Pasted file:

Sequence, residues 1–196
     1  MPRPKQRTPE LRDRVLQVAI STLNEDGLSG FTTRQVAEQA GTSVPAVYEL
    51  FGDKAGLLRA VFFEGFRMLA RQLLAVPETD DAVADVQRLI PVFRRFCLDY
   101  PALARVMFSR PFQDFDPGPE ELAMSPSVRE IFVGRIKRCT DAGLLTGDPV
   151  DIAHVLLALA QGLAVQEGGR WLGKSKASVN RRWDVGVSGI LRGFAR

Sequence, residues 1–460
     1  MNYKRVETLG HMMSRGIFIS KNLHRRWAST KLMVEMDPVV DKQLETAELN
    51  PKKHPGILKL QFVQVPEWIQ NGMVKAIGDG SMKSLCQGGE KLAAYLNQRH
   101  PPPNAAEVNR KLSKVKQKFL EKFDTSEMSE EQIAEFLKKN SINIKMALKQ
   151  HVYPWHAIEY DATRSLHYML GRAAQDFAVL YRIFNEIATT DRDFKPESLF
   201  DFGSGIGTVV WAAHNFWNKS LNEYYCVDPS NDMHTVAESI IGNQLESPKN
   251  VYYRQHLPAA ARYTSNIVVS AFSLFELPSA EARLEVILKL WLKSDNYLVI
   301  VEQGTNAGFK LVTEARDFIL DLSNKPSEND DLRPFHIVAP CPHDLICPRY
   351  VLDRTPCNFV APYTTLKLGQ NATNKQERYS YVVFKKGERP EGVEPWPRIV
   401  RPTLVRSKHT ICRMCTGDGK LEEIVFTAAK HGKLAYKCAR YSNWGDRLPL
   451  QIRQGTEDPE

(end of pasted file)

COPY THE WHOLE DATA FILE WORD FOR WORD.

Sequence, residues 1–196
     1  MPRPKQRTPE LRDRVLQVAI STLNEDGLSG FTTRQVAEQA GTSVPAVYEL
    51  FGDKAGLLRA VFFEGFRMLA RQLLAVPETD DAVADVQRLI PVFRRFCLDY
   101  PALARVMFSR PFQDFDPGPE ELAMSPSVRE IFVGRIKRCT DAGLLTGDPV
   151  DIAHVLLALA QGLAVQEGGR WLGKSKASVN RRWDVGVSGI LRGFAR

Sequence, residues 1–460
     1  MNYKRVETLG HMMSRGIFIS KNLHRRWAST KLMVEMDPVV DKQLETAELN
    51  PKKHPGILKL QFVQVPEWIQ NGMVKAIGDG SMKSLCQGGE KLAAYLNQRH
   101  PPPNAAEVNR KLSKVKQKFL EKFDTSEMSE EQIAEFLKKN SINIKMALKQ
   151  HVYPWHAIEY DATRSLHYML GRAAQDFAVL YRIFNEIATT DRDFKPESLF
   201  DFGSGIGTVV WAAHNFWNKS LNEYYCVDPS NDMHTVAESI IGNQLESPKN
   251  VYYRQHLPAA ARYTSNIVVS AFSLFELPSA EARLEVILKL WLKSDNYLVI
   301  VEQGTNAGFK LVTEARDFIL DLSNKPSEND DLRPFHIVAP CPHDLICPRY
   351  VLDRTPCNFV APYTTLKLGQ NATNKQERYS YVVFKKGERP EGVEPWPRIV
   401  RPTLVRSKHT ICRMCTGDGK LEEIVFTAAK HGKLAYKCAR YSNWGDRLPL
   451  QIRQGTEDPE